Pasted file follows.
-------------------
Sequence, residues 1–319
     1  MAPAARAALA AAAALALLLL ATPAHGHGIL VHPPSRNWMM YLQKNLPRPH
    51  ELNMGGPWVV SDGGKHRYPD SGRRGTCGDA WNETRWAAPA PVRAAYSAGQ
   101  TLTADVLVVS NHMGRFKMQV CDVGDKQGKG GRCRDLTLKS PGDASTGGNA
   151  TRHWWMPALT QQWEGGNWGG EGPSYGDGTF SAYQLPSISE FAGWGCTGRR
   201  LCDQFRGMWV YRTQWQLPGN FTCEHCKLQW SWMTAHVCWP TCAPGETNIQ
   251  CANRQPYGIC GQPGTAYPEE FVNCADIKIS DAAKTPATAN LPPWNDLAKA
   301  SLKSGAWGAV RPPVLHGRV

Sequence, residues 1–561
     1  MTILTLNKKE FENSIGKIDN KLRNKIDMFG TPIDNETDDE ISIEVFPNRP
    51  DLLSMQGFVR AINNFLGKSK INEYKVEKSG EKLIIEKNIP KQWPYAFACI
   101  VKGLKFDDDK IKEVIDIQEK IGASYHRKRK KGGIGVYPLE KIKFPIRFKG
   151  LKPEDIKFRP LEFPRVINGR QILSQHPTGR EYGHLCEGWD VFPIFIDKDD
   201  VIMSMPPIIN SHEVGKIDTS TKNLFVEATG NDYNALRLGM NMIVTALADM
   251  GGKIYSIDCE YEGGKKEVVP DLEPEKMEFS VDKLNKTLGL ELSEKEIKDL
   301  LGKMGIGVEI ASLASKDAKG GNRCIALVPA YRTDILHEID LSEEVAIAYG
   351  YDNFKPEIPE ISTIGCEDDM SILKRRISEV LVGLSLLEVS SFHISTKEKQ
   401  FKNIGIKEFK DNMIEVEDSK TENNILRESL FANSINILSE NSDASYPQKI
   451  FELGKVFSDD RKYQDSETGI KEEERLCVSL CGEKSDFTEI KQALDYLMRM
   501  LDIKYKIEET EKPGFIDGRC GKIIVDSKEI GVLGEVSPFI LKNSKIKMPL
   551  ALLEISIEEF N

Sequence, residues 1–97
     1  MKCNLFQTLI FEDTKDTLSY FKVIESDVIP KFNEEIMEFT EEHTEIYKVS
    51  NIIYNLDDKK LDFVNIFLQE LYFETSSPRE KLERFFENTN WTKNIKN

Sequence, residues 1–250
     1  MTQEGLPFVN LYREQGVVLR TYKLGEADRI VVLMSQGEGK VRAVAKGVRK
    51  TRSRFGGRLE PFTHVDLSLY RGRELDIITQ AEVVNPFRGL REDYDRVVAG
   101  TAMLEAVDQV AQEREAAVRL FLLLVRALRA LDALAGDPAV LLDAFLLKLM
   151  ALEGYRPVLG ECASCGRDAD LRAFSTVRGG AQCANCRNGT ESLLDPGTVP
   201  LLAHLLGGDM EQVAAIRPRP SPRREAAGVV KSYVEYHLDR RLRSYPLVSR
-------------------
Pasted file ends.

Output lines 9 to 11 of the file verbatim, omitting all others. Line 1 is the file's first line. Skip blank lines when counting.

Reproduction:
Sequence, residues 1–561
     1  MTILTLNKKE FENSIGKIDN KLRNKIDMFG TPIDNETDDE ISIEVFPNRP
    51  DLLSMQGFVR AINNFLGKSK INEYKVEKSG EKLIIEKNIP KQWPYAFACI